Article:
CDC’s Healthy Schools program is pleased to announce the launch of the fourth e-Learning module, Parents for Healthy Schools, part of the Training Tools for Healthy Schools: Promoting Health and Academic Success (TTHS)eLearning series.http://orau.gov/dph/p4hs/page01.htmlLike the previously released TTHS eLearning modules, The Parents for Healthy Schools module provides;
Easier and more flexible access to the Parents for Healthy Schools valuable resources
Robust Go Further sections with additional information and resources
Tailored learning experience through a self-directed module ranging from 1 – 1.5 hours
Kids spend more time at school than anywhere outside their homes, making schools where we have the greatest chance of improving kids’ health trajectory through physical, social and emotional development.
Read the article from the Robert Wood Johnson Culture of Health blog:
School administrators, local health officials, and others are invited to a webinar from the Washington State Department of Health to learn more about testing drinking water for possible lead contamination, health effects of lead, the Governor’s Directive for Drinking Water, the State Board of Health School Rule, and resources available. The webinar will be recorded and posted for future viewing.
After registering, you will receive a confirmation email containing information about joining the webinar.
Heroin and Prescription Opiate Taskforce Community Meeting:
A free community conversation on heroin and prescription opiate overdose and addiction on May 31st in Renton, sponsored by the King County Heroin & Prescription Opiate Addiction Task Force (formerly MHCADSD). This is a public event and your voice is needed!
A webinar intended for clinical staff in schools and providers in the community who either provide or refer youth to sexual health services. Presented by Jessica Serrano, MD, Division of Adolescent Medicine, University of Washington School of Medicine/Seattle Children’s Hospital, it is sponsored by OSPI’s Adolescent Health/School-based Prevention project to promote exemplary sexual health education (ESHE).
Primary and secondary schools are responsible for providing a healthy and safe learning environment for schoolchildren in Washington State.
A healthy school environment keeps children’s minds alert and bodies strong. Poorly maintained school buildings can cause illness or make symptoms worse for children, teachers, and staff. This results in absences, missed schoolwork, and lower test scores. Schools that promote healthy environments can improve health and productivity for students and adults.
Washington State’s School Environmental Health and Safety Program works with local health jurisdictions, school districts, the Office of the Superintendent of Public Instruction, private schools, agencies and non-profits to promote incorporation of environmental health and safety into school facility design, operation, and maintenance. The program also provides support for implementation of the State Board of Health School Rule, Chapter 246-366 WAC.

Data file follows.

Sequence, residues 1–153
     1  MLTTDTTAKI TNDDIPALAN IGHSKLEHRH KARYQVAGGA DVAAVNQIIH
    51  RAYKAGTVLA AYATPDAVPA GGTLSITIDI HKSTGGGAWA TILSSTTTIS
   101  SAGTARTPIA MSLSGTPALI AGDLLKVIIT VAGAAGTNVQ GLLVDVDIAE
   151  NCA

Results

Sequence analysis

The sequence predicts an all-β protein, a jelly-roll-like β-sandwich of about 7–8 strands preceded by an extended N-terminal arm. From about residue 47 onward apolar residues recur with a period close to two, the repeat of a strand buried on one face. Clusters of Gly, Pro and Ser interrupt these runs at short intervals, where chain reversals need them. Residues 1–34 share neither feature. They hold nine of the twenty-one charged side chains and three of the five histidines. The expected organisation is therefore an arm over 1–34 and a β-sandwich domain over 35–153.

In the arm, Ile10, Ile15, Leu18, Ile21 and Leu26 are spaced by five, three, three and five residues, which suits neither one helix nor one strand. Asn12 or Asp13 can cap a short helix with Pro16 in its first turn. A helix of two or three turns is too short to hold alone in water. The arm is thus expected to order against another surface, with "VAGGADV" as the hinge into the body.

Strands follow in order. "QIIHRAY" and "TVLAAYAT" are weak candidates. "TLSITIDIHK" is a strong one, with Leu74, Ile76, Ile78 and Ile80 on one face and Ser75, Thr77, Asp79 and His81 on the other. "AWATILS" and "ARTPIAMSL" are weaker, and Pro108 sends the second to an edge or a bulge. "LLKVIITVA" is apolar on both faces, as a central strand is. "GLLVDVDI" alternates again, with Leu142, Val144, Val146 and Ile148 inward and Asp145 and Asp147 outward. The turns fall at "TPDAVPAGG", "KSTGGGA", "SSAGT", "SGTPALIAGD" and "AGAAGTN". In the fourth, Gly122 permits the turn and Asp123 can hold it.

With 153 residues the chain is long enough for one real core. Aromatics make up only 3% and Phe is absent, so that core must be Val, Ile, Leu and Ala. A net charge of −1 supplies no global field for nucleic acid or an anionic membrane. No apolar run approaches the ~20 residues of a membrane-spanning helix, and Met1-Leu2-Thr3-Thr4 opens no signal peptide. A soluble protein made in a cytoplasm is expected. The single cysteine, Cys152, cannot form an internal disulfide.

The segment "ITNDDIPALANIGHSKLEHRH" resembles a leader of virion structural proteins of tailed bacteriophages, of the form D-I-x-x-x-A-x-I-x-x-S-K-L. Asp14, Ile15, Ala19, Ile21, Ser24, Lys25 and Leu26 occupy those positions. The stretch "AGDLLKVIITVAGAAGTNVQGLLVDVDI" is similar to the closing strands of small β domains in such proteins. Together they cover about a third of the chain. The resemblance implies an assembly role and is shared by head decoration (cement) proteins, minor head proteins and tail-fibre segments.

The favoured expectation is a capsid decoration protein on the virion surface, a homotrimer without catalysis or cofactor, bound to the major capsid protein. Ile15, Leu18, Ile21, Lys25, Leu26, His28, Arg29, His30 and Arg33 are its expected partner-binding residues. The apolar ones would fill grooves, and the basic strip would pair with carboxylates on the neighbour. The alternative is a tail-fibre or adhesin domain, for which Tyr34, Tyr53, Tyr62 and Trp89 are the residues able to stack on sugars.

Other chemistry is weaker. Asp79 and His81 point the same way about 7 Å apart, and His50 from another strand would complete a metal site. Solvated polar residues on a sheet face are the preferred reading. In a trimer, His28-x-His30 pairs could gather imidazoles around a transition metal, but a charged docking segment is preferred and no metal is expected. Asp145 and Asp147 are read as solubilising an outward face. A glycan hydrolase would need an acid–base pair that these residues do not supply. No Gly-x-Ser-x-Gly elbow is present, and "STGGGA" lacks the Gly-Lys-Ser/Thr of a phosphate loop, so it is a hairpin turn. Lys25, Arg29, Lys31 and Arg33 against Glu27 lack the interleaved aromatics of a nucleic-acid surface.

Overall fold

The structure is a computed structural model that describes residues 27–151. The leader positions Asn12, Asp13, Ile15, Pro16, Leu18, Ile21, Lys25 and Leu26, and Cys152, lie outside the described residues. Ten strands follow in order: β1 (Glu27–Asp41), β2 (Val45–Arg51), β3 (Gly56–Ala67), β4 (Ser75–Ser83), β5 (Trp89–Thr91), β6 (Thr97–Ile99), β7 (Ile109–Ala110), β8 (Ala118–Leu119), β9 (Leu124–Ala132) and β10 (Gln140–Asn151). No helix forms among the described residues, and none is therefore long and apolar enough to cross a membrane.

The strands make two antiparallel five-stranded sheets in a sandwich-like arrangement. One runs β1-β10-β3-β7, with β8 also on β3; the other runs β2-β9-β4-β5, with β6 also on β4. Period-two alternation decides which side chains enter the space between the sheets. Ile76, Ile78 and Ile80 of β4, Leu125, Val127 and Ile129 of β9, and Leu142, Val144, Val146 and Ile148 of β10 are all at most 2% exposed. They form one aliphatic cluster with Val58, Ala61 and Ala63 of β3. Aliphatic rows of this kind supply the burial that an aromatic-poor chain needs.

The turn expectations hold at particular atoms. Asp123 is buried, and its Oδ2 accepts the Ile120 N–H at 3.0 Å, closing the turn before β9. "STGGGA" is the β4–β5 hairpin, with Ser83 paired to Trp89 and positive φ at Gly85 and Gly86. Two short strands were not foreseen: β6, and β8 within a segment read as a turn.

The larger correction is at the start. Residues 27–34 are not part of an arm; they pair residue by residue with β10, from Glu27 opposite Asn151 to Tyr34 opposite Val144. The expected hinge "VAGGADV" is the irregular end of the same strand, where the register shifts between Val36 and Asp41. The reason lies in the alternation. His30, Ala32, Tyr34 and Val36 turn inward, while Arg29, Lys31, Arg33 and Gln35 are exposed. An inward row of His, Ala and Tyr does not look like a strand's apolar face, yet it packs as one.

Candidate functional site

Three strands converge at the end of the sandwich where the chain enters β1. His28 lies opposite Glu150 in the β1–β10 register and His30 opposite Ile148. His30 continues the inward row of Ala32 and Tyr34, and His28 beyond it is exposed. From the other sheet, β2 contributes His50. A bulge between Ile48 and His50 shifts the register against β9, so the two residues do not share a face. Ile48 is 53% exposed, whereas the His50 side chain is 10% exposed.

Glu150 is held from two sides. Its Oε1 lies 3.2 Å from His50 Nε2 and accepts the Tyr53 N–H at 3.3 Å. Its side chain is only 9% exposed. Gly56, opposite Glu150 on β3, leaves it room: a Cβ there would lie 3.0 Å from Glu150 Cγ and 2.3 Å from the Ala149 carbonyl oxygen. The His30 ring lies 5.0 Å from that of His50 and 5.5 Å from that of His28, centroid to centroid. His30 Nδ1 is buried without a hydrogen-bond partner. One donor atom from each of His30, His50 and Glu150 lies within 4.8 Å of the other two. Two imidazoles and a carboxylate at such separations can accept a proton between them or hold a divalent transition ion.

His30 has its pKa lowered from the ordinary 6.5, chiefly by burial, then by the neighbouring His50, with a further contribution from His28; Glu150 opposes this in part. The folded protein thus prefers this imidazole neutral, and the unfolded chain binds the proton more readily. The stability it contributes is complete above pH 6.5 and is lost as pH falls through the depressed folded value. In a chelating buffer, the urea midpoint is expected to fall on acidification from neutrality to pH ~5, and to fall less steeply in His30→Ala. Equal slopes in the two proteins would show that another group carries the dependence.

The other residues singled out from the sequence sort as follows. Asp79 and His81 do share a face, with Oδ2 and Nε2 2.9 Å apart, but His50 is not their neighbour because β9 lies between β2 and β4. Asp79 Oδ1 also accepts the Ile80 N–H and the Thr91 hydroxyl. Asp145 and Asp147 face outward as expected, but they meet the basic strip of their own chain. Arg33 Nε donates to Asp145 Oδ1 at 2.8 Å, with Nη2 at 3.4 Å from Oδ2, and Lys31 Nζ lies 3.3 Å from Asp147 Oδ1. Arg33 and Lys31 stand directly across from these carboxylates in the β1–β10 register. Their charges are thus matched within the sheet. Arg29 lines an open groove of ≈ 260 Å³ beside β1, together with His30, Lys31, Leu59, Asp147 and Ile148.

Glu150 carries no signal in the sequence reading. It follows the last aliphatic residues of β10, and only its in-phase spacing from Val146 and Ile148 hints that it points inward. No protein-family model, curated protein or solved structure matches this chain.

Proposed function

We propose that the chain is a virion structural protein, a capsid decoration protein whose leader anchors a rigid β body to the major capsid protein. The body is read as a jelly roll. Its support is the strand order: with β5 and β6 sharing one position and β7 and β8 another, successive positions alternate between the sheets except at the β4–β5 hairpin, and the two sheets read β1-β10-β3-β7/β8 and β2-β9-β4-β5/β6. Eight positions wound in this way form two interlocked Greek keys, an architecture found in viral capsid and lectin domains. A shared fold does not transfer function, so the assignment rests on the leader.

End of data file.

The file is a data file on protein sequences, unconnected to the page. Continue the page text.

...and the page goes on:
Technical areas include controlling asthma triggers, science lab, art, and shop safety, hazardous waste management, injury prevention, playground safety, indoor air quality, ventilation, emergency response, communicable and vector-borne disease control, animals in schools, integrated pest management, cleaning and disinfection for health and safety, general safety, noise control, and lighting.
School Environmental Health Program Activities
— Work with, and provide technical assistance on school environmental health and safety issues to local health jurisdictions and school staff – including custodians, nurses, administrators, and maintenance and operations and risk managers.
— Provide interpretation and technical support on the State Board of Health School Rule (WAC 246-366), the K12 Health and Safety Guide, and the School Indoor Air Quality Best Practices Manual.
— Promote best practices through presentations, statewide committee participation, and work with school associations and state, local, and federal agencies.
— Available for phone and on-site consultation on school environmental health and safety issues, including indoor air quality.
— Available for presentations and trainings.
— Participate in the Department of Health and Office of the Superintendent of Public Instruction Coordinated School Health Program funded by the CDC.
Healthy Indoor Air is Important
— Over 1 million Washington children spend about 1300 hours in a school building each year.
— One half of U.S. schools have indoor environmental quality problems (Source: EPA).
— Children in classrooms with higher outdoor air ventilation rates tend to have higher scores on standard math and reading tests than children in poorly ventilated classrooms (Source: EPA).
— Poor indoor air quality not only can trigger asthma episodes in susceptible children but also can cause drowsiness, fatigue, lethargy, headache, inability to concentrate, and eye, nose, throat, and skin irritation – all of which compromise learning. (Source: School Health Policies and Practices Study).
— Indoor concentrations of pollutants are commonly three to five times higher than outdoor concentrations due to chemicals found in some conventional cleaning products, improper cleaning procedures, defective or ineffective climate control (HVAC) systems, interior finishes, exterior pollutant, personal care products and renovation projects (Source: EPA).